When Jay-Z announced he was releasing a new album, Magna Carta Holy Grail, it seemed somewhat surprising. After a phenomenally successful career marked by multi-platinum albums, international hits, and lucrative business ventures he could have called it quits after The Blueprint, an album which was released 12 years ago. However, something in the man's hustler DNA deemed that simply wasn't an option. Jay-Z came out of his self-imposed retirement shortly after The Black Album's 2003 release. MCHG is the work of a mogul explaining the immense success of his post-retirement career with part introspection and part gusto.
Timbaland's production on the majority of MCHG is what makes the album work as well as it does. While it seems like an odd proposition for the man behind “Big Pimpin'” to produce an entire album for a minimalist rapper like Jay-Z, the friction is surprisingly minimal. The left field bass line antics of “Picasso Baby” make you wonder how the track is not the de facto soundtrack for art openings across the globe. As Jay-Z adds, not without some derision, “It ain't hard to tell, I'm the new Jean-Michel/Surrounded by Warhol's...” Much like the real life Basquiat, it is impossible to tell whether Jay-Z is playing along with the “in” crowd or trying to pull one over on them. “Tom Ford” furthers the plot: “Spent all my Euros on tuxes and weird clothes/I party with weirdos, Yeah Hov, yeah Hov.” It's a non-sequitur that I'm surprised Kanye West didn't come up with first.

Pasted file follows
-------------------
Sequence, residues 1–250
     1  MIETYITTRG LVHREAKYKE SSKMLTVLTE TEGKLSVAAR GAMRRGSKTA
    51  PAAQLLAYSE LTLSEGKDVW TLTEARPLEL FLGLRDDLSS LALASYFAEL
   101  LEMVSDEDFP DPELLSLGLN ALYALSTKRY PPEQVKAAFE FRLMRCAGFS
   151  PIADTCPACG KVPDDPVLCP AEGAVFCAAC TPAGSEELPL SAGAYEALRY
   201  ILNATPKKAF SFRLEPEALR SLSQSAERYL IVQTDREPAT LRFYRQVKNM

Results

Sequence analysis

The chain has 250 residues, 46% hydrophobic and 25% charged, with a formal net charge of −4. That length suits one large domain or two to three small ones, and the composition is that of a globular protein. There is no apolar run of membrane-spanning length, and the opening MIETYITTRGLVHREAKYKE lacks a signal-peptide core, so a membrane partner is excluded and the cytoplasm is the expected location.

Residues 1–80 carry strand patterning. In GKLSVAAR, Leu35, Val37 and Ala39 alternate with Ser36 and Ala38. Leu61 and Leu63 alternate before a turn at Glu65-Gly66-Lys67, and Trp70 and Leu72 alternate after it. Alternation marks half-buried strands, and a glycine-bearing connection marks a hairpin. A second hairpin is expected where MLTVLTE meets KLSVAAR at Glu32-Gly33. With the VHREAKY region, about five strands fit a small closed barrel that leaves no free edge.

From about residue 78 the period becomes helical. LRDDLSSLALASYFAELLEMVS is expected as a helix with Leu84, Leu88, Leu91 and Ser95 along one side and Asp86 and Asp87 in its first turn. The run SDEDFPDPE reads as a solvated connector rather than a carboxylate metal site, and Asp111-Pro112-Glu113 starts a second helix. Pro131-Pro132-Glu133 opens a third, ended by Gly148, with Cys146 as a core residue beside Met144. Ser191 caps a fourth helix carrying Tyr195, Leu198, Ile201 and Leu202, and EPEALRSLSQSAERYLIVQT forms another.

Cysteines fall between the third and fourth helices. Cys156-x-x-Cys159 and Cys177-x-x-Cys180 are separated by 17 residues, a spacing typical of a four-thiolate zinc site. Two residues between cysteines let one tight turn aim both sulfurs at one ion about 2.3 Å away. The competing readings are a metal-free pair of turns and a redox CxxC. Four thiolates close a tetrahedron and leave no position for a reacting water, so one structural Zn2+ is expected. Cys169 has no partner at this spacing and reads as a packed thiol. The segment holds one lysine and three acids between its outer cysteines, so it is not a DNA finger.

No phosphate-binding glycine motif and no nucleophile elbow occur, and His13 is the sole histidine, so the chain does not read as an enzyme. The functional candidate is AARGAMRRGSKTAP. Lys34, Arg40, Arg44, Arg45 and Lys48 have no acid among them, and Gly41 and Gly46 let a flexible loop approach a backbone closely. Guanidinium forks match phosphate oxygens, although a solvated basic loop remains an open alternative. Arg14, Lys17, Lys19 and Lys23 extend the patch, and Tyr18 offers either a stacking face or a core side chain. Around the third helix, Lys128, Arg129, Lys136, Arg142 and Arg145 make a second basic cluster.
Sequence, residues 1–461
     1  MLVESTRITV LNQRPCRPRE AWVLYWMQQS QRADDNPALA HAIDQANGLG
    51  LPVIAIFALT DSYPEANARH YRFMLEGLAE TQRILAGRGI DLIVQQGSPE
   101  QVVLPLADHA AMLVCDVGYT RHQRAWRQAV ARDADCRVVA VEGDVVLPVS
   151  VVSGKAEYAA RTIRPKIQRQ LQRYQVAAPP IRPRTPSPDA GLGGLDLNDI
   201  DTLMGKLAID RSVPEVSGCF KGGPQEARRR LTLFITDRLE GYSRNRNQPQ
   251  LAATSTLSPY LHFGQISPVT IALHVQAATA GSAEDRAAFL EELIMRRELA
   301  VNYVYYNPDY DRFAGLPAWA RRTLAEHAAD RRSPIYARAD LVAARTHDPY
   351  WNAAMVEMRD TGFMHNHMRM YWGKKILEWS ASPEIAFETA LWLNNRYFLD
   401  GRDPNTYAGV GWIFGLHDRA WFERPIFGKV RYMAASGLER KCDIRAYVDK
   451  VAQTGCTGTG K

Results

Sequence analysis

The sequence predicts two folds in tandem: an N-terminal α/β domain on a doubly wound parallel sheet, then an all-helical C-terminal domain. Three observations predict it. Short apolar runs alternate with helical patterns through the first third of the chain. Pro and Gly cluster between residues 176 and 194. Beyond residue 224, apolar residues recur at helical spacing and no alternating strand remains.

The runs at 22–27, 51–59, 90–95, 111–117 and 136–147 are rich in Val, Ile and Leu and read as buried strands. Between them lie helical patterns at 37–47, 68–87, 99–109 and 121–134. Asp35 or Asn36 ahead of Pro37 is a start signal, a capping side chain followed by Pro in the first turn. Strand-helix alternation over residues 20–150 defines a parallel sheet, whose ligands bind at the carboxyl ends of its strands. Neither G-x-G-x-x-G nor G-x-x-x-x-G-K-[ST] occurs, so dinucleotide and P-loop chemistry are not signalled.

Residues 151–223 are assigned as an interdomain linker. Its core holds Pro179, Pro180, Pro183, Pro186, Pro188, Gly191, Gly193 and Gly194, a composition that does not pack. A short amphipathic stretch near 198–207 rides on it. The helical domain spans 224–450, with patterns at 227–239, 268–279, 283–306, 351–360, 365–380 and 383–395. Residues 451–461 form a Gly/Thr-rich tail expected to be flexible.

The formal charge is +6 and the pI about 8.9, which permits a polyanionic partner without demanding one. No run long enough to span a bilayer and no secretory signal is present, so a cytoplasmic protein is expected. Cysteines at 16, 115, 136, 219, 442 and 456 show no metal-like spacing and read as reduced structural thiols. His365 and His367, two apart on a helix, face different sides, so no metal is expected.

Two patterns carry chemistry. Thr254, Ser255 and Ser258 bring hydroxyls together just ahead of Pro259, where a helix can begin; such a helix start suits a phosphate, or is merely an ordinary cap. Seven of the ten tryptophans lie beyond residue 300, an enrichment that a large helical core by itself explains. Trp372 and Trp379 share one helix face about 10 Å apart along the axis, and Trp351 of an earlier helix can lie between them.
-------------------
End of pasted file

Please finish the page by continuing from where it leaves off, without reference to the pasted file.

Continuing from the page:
Thankfully MCHG isn't so drunk on its own gallery champagne that it loses track of itself. “FUTW” has the most 90's throwback production of the entire record. It could have been cribbed from the Reasonable Doubt sessions. Jay-Z dips into the nostalgia of that time “1% of a billion is more than these niggas ever seen” seemingly addressing himself as a 26-year-old still trying to work his way out of the streets. Arguably "Heaven" is Timbaland's most direct attempt at stripping away the trademark fussiness of his own production, ditching intricate percussion and world music vinyls for a straightforward use of Adrian Younge's “Reverie,” a nice inclusion where the beat rides for extended moments.
It's easy to categorize MCHG as a throwback album, a reminder of a time when rap felt uncomplicated. Fittingly, it is Jay-Z who, more than any other rapper, harps upon that time, back when he was just an underdog vying for the crown. As he says on “Nickels and Dimes”: “I'm just trying to find common ground/'fore Mr. Belafonte come and chop a nigga down/...You don't know all the shit I do for the homies.” This after Harry Belafonte's recently said Jay-Z was not fulfilling his role as a mentor to the very neighborhoods from which he came. While he clearly takes the comment seriously enough to issue a reply, it is clear that what MCHG is meant to convey, from its offering as an app to owners of Samsung smart phones before its physical release, is further proof that Jay-Z is not only the most successful black artist in the world but that his work stands on its own merits.